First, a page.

The Musicaphon label marks the 300th anniversary of Karlsruhe with a special collection. Johann Melchior Molter was the city’s best-known composer, active in the first half of the 18th Century.
He’s credited as one of the first composers to write for the clarinet, developed around 1700. This release features some of Molter’s writings for the instrument, as well as concertos for other instruments.
Molter was a slightly younger contemporary of Georg Philipp Telemann, and his music is similar in style. Molter’s music has a courtly balance to it. The melodies are quite tuneful, but even when ornamented seem quite simple. There’s very little counterpoint in these works, either.
Rather, these concertos collectively stay pretty close to the Baroque concerto model. Ripieno strings with four-square patterns alternate with solo instruments playing freely meandering melodies. Yet within that form, there’s a great deal of variety.
The Gottesauer Ensemble — and especially their soloists — perform at a high level of proficiency. They produce beautiful sounds with none of the harshnesses that early instruments sometimes have. And although their tones are as polished as those of modern instruments, the sound is still distinctly 18th Century.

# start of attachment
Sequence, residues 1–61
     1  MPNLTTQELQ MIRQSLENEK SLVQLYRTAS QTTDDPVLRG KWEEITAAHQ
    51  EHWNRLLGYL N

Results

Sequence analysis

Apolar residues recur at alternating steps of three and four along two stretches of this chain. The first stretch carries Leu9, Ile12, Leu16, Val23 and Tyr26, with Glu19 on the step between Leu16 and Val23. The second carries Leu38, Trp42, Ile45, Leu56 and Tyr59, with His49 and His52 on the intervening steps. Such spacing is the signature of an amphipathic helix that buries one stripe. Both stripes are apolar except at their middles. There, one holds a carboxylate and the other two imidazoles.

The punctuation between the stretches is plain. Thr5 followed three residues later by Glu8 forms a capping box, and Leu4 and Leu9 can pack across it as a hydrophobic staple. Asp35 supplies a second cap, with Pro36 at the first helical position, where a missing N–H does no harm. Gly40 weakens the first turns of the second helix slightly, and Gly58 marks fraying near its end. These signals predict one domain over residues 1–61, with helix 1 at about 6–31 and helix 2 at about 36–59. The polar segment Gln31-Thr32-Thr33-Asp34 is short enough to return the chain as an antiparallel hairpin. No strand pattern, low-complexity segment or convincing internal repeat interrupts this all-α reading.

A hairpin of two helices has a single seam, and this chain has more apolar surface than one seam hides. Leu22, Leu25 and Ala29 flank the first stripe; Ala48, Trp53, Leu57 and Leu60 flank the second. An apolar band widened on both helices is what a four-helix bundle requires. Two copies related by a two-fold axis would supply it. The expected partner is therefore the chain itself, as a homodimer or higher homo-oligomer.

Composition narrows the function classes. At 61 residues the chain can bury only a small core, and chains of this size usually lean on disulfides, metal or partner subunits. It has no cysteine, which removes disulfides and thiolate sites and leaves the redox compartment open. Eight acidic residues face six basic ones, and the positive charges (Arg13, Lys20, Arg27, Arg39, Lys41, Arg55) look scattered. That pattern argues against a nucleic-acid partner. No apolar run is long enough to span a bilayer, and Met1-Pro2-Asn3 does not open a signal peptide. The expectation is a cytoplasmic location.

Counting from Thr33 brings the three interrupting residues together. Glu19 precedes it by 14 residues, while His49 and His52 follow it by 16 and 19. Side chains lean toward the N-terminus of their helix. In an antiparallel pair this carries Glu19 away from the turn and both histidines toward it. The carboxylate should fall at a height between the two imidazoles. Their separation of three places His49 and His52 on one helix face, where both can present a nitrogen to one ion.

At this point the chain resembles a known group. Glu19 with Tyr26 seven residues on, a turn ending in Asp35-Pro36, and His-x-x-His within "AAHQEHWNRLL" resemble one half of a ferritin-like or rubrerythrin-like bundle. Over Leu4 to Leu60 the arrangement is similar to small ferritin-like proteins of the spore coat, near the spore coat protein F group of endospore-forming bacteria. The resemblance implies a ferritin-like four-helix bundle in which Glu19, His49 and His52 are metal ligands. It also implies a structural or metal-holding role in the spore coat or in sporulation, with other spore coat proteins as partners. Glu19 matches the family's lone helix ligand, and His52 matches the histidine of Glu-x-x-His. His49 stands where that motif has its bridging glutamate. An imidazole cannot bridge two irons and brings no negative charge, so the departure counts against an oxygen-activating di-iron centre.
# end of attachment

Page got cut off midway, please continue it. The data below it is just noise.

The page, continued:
It’s especially true in the clarinet concertos. Lisa Shkyaver and Kyrill Rybakov play 18th Century instruments, which have a different timbre than modern instruments. Although the tone is edgier and a little hollower, these soloists make it work.
An impressive collection of music performed by some impressive musicians. A fitting tribute to both Johann Molter and Karlsruhe.
Johann Melchior Molter: Concerti
Stefanie Kessler, traverso; Georg Siebert, baroque oboe
Lisa Shklyaver, Kyrill Rybakov, clarinet
Kristian Nyquist, harpsichord; Dmitri Dichtiar, baroque cello
Gottesauer Ensemble, Dmitri Dichtiar, conductor